Field of Science

Are dolphins the new subhumans?

Reading an article in Science on dolphin brains, Are Dolphins Too Smart for Captivity?, I am glad to finally see someone but myself making the point that the level of sentience is key when deciding how one can deal with other animals. Not the only thing that matters, yet sentience - the ability to feel things - is in my view the most important, simply because hurting is bad for all creatures that feel it. As opposed to plants, which no one (sane) has any problem inflicting damage on for the fear that they would feel pain (though admittedly that doesn't mean I endorse cutting down the rainforest, etc.).
Marino has also teamed with advocacy groups like TerraMar Research, a nonprofit organization based in Seattle, Washington, dedicated to protecting marine wildlife. TerraMar's director, Toni Frohoff, argues that if dolphins are as self-aware as people, they deserve the same basic rights. “The more sentient we see dolphins to be,” she says, “the greater our ethical obligation to them. We can't study them like goldfish or lab rats.”
[Emphasis added.]
And if they really are very sentient, then I agree with Lori Marino that we ought not to keep them in captivity - especially not for entertainment. As I wrote some time ago, perhaps dolphins are the new subhumans?
We don't know for sure, but I think that when dealing with whales and other animals (e.g. elephants and dolphins) that clearly show what we call empathy, sorrow, and compassion in humans, we should assume that they feel it. Otherwise we might make the same mistake as Europeans did with Africans and Native Americans, and end up hurting them to an extent we will come to regret.
Also, for the Faroe Islanders: Pilot Whales are dolphins.

One of Marino's many detractors, Lou Herman, says the following. Please read this carefully and see if you can catch the self-contradiction:
Herman agrees. The godfather of research on dolphin cognition and a contributor to the journal package, he says that the evidence for higher dolphin mortality in captivity versus in the wild is “very, very questionable,” adding that a recent study based on National Marine Fisheries Service data showed no significant difference. “The mortality is horrific in the wild. Fifty percent of wild dolphins bear shark scars—and those are the ones that are still alive.” Marino, he says, reminds him of John Lilly, who eventually railed against captivity as a concentration camp: “Once you mix politics with science, you lose objectivity.”

Herman says he, too, has struggled with the ethics of keeping dolphins in captivity. But he notes that Marino is basing many of her ethical arguments on understanding gained from captive research. “That's the irony of it. How do they know dolphins are intelligent? Because of the captive studies. And now they don't want us to do that research.” Herman says he never could have made his cognitive breakthroughs in the wild. Researchers have to train animals, collect baseline readings, and follow individuals for months or years, he notes: “Science demands controls and replication. What they're proposing is a fantasy.”
Shorter version: When Marino bases her advocacy on science, then she has lost objectivity. When Herman does it by conlcuding that research must go on, then it's fine.

Herman objects that Marino bases her opinion on science (what, pray tell, should she base them on? Faith?). He think it's ironic that Marino's opinion stems from the scientific observation that dolphins are intelligent. What the hell does it matter how it is discovered? Just because it is discovered through science, then this way of doing science is forever safe? That people die when you shoot a bullet through their brains was based on the observation of shooting a bullet through a head... So Herman would label advocacy against shooting people in the head as ironic?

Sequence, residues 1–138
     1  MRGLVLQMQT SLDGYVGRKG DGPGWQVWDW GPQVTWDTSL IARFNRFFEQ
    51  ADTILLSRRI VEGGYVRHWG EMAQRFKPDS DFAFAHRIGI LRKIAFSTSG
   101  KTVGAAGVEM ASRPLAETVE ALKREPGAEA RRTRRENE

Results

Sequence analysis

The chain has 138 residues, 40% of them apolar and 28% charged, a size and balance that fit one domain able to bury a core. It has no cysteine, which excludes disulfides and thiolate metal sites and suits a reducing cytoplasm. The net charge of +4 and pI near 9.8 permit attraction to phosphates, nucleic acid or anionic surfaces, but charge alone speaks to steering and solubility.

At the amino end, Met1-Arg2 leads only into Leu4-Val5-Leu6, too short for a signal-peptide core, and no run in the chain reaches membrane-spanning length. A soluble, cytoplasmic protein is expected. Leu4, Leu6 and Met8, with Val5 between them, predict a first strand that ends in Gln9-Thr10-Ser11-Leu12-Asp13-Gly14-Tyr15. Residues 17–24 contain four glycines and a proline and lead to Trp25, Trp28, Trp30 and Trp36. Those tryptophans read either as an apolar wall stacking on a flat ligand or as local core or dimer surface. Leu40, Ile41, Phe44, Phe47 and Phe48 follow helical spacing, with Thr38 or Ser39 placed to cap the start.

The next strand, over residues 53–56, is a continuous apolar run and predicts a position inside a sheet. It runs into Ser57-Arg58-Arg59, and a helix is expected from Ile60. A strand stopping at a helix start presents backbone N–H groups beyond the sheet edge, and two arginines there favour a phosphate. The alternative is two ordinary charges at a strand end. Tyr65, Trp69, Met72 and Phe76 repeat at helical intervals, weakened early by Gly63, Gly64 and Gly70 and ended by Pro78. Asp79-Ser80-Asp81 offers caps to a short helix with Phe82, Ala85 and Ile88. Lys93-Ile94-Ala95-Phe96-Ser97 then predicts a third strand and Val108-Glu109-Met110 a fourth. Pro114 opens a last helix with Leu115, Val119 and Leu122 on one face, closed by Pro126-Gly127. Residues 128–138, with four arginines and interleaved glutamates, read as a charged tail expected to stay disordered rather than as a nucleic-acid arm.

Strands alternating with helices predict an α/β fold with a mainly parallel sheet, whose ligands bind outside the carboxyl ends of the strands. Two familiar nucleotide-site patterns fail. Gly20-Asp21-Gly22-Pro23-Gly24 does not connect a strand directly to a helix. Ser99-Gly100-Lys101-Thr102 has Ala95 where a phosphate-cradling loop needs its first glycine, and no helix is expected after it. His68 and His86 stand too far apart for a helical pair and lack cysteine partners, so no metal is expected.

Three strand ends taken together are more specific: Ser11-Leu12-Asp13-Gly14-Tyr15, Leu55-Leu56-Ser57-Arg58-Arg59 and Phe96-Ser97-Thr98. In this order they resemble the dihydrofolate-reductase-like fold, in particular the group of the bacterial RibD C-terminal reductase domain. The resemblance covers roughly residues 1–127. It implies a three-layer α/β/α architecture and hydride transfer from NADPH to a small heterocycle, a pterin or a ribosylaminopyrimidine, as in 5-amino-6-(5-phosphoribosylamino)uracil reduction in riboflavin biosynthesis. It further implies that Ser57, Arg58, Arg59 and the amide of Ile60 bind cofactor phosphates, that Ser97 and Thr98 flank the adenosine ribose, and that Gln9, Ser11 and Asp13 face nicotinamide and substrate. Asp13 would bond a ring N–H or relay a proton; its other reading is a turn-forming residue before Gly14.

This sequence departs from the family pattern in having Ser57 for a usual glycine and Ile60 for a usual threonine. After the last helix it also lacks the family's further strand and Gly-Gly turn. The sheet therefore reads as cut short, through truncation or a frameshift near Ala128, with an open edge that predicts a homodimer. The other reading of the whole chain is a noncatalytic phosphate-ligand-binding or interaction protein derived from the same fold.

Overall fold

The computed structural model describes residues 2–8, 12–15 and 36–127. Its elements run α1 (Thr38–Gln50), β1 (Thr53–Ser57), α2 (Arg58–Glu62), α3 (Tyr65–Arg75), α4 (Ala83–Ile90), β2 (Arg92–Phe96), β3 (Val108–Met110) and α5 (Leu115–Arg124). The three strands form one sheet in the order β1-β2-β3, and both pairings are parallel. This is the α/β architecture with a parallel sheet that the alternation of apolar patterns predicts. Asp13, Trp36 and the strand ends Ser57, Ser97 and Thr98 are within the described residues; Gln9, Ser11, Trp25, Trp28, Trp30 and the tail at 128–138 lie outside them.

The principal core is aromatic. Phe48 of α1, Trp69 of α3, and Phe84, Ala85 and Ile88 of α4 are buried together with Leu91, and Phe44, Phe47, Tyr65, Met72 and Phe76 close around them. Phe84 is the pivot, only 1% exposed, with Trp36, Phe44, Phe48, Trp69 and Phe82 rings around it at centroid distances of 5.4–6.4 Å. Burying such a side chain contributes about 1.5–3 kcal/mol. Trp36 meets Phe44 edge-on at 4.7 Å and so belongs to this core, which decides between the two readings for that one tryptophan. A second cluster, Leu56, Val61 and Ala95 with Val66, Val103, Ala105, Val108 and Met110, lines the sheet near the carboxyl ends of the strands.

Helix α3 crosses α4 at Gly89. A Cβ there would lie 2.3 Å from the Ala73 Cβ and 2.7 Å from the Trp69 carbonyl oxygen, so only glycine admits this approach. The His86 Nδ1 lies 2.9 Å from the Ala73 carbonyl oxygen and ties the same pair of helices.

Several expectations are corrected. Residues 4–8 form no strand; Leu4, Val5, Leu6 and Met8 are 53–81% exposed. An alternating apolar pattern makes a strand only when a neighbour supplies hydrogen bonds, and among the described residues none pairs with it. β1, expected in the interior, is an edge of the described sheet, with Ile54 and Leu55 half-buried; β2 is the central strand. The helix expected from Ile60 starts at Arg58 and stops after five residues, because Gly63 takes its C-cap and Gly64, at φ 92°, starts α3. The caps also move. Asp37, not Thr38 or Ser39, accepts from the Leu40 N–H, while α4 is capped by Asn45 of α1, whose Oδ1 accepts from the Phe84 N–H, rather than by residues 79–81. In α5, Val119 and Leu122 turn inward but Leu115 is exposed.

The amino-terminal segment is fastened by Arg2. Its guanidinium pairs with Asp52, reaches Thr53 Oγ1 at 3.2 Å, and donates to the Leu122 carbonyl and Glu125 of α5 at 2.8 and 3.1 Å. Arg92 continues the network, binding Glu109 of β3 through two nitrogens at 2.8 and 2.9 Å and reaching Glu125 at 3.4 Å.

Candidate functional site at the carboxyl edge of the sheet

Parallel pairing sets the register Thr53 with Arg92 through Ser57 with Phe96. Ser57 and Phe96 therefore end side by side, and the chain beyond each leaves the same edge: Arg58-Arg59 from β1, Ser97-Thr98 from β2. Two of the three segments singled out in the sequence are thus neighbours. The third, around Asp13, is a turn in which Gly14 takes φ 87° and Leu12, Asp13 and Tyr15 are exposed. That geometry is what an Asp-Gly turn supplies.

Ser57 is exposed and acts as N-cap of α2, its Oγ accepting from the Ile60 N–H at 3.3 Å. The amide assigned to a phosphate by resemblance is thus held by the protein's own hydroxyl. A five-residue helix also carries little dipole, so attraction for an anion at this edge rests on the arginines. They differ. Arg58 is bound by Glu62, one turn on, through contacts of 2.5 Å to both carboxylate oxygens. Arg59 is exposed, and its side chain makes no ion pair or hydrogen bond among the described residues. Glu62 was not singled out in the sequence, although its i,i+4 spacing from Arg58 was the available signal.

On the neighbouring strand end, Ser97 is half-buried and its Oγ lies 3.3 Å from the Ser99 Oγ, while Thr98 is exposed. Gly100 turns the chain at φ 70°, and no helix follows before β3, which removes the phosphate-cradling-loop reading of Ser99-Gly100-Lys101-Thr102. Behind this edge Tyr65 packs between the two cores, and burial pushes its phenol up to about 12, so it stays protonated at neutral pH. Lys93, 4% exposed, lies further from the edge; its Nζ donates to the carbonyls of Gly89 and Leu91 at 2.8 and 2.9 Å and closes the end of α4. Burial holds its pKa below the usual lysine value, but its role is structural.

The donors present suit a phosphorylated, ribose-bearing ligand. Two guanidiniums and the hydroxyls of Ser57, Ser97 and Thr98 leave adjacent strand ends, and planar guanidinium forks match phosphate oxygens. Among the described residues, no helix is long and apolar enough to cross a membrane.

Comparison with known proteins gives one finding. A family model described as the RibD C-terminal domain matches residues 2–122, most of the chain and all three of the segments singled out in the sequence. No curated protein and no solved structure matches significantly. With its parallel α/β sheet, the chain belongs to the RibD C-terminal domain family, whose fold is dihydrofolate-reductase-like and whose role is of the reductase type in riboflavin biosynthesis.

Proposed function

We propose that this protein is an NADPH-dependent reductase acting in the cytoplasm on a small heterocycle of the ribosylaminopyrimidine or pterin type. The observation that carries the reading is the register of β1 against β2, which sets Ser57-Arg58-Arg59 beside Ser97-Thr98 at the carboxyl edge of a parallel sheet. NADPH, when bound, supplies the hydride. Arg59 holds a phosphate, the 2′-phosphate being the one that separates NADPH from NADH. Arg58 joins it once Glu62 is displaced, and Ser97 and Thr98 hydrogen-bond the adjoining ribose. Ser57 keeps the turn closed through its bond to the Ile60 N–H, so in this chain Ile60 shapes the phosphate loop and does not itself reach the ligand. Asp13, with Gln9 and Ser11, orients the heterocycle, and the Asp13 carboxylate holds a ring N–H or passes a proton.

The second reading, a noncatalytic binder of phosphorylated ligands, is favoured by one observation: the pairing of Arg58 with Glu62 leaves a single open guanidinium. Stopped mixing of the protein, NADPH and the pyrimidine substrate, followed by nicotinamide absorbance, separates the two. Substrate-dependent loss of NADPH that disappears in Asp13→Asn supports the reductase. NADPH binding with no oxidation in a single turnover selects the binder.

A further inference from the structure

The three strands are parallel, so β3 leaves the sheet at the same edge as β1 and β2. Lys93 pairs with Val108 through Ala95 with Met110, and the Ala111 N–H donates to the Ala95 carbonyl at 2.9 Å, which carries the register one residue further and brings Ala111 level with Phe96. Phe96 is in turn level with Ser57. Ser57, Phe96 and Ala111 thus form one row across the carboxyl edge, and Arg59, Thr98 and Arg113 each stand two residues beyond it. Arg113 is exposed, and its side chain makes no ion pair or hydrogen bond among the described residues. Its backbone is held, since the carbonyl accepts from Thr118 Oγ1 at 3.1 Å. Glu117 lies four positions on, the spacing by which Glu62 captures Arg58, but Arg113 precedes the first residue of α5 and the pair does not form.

Yes, to do science (though not all science), one has to repeat experiments. But that does not dictate that we must do the science. If we wanted to know what the effect would be putting babies in microwave ovens, then would Herman also say that science demands that we replicate? That line of argument is so asinine that it would never work for experiment with humans, and yet for dolphins it is somehow okay.

So, dolphins researchers are divided on this issue. However, when dolphins are just slaughtered, then at least they can stand together:
Reiss, who continues to work with dolphins in captivity—a position that drove Marino to stop speaking to her in 2009—doesn't support Marino's movement, arguing that there's still value in captive research. But Reiss does think dolphin researchers can find common ground. Now at Hunter College in New York City, she is spearheading a campaign to stop the bloody dolphin hunts in Taiji, Japan, for example. Marino joined this effort, as did scientists on both sides of the captivity debate. Reiss and others who support captive research also believe that many zoos and aquariums should improve their dolphin facilities. Everyone wants the best for these animals, Reiss says: “To me, the biggest thing is to keep the knowledge coming, whether they're in captivity or in the wild.”
And that's a fine thing. Those dolphin killers need to be stopped, and I'm glad to hear that they all agree with that. However, Reiss' comment that the biggest thing is to keep the knowledge coming irrespective of how that knowledge is found is just as asinine as Herman's comment above. Would Reiss think so even if we one day were to - very hypothetically - learn how to communicate with dolphins, and they told us how miserable they are in captivity?

I am not saying I am certain that dolphins are miserable or suffering in captivity. I am merely saying that if they are, then we should stop keeping them.

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